Many investors are pretty convinced that we're in a stock market bubble, where share prices are extremely inflated and stocks are incredibly overvalued. I happen to agree.

The problem with stock market bubbles is twofold. First, it's hard to invest when stock prices are up. Secondly, bubbles eventually burst. That may very well happen in the not-so-distant future, and it surely has a lot of investors worried. Here's why I'm not sweating an upcoming market crash at all.

I'm invested for the long haul

If you're within a year of retirement, it could pay to cash out some stock investments while they're up, before the bubble bursts. Keep in mind that if you do this in a retirement plan that isn't tax-advantaged, like an IRA or 401(k), there may be tax implications. Still, paying capital gains could be preferable to suffering losses in your portfolio when you're on the cusp of leaving the workforce.

Smiling professionally dressed person at a laptop.

Image source: Getty Images.

I, however, am nowhere near retirement, nor am I planning to cash out my stock investments anytime soon. An imminent market crash only means that my portfolio value is apt to take a temporary hit. If I leave it alone, however, and wait for stock values to recover, I shouldn't lose a dime.

I've protected myself from having to liquidate investments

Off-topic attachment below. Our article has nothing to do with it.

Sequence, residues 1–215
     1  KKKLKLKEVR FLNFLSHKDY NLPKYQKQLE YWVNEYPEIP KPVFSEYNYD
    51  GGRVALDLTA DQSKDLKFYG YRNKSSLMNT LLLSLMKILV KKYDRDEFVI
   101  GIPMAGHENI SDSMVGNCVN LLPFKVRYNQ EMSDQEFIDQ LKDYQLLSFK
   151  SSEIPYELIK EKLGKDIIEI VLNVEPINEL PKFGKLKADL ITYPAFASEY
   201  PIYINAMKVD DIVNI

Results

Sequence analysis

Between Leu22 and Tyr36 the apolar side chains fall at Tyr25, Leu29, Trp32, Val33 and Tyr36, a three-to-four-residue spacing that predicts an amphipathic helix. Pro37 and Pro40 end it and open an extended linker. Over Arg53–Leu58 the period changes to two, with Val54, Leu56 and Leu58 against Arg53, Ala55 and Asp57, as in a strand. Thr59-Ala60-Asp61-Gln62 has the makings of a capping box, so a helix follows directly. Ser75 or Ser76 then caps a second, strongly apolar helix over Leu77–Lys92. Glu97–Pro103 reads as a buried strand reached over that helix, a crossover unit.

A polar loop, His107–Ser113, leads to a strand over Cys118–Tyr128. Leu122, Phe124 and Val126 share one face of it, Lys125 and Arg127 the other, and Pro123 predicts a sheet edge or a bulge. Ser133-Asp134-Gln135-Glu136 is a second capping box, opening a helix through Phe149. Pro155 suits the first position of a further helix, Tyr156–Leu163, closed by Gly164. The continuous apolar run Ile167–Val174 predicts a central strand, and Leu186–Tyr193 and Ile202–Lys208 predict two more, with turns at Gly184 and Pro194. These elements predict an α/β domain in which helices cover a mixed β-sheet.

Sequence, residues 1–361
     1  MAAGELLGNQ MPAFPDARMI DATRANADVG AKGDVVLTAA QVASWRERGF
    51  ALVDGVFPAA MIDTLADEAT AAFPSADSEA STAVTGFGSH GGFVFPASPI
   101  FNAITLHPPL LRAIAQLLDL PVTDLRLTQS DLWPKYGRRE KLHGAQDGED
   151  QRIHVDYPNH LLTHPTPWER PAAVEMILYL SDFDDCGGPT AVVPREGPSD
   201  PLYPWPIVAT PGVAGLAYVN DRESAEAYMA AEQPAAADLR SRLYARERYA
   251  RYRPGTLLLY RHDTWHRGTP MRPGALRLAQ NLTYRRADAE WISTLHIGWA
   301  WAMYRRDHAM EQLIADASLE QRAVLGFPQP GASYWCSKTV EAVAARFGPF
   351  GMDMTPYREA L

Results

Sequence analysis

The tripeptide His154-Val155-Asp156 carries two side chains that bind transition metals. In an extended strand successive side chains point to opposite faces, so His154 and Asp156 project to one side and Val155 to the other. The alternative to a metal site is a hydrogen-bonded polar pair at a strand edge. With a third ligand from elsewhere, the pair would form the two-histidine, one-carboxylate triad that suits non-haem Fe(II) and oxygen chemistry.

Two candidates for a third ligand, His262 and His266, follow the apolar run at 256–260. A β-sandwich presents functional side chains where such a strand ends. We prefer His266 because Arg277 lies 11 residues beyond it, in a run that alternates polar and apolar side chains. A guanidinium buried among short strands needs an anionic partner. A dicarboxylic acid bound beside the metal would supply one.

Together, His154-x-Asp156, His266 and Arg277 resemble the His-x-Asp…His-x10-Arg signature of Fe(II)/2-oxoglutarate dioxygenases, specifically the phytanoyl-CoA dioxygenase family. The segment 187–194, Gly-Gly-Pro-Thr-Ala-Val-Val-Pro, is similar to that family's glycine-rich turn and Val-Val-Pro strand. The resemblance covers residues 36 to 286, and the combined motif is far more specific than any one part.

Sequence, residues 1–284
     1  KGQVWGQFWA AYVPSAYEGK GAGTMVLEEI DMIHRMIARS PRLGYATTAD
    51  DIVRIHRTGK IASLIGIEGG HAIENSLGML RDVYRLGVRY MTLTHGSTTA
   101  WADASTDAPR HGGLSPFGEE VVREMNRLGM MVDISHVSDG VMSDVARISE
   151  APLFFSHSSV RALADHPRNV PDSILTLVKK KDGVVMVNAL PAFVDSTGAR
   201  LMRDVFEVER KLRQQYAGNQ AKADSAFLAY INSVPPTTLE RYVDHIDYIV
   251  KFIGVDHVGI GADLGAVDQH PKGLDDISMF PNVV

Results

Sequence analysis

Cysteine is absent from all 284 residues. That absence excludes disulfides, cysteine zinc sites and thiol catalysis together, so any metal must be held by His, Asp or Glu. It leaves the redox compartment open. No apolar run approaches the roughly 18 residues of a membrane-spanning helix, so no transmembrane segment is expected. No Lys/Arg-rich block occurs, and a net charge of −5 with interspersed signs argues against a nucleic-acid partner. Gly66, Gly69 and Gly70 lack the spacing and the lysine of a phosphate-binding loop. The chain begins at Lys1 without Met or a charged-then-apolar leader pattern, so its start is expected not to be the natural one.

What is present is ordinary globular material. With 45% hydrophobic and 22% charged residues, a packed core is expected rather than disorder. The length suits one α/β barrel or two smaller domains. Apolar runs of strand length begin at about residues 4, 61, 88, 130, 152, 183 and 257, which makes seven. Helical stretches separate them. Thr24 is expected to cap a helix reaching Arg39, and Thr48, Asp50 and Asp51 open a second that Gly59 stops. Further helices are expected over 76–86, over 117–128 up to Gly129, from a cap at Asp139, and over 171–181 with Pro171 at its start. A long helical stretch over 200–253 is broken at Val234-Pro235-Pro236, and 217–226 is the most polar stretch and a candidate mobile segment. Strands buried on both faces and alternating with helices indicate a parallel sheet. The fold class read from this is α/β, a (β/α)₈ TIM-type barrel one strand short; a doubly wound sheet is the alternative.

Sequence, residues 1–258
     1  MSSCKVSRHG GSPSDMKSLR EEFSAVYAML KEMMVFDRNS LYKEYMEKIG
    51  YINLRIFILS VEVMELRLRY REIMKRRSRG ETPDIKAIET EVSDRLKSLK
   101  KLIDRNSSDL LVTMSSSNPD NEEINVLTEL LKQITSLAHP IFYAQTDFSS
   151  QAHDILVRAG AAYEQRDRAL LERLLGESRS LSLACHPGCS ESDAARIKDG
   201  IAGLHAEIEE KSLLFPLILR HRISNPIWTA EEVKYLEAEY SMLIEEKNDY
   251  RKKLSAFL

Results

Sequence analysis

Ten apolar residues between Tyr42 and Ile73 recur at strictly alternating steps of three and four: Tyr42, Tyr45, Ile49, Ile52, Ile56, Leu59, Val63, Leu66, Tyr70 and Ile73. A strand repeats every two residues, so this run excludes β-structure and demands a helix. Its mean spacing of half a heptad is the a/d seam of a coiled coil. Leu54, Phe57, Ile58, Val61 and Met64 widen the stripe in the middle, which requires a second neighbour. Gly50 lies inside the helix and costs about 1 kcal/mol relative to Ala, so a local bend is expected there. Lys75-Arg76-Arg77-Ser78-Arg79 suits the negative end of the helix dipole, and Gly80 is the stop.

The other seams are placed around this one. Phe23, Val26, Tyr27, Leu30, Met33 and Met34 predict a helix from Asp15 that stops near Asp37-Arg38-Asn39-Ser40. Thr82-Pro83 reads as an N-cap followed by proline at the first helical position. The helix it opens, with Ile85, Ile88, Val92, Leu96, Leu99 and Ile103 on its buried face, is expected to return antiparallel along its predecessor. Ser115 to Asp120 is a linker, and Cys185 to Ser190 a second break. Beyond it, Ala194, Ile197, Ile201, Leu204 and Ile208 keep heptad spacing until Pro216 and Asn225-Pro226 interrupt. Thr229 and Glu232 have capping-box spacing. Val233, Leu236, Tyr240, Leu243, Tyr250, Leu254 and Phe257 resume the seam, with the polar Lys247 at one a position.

Financial emergencies can strike at any time. I'm not totally blase about seeing my income take a hit if the current economic recession continues. But I've also done my part to protect myself from periods of financial instability by socking away a year's worth of living expenses in the bank.

Some might say that a year's worth of bills is extreme. After all, most financial experts agree that an emergency fund with enough money to cover three to six months of essential expenses will more than suffice. Plus, the more money I have tied up in cash, the less I have to invest at a much greater return than what my bank account is paying me (especially these days).

Still, having that more robust emergency fund allows me to be a more confident investor. For that reason alone, it's worth it. Besides, as a self-employed writer with a variable income, I need to have more protection than your average worker. The last thing I want is to have to tap my investments when they're down to cover bills. I'd rather err on the side of leaving more money in cash.

Unfortunately, many investors don't take a long-term approach to building their portfolios and don't keep enough money in cash. Frankly, those are the people I'm worried about in the near term given the state of the stock market, not myself. If the market crashes, it won't be the first downturn I've experienced. Years of investing have taught me to take these things in stride.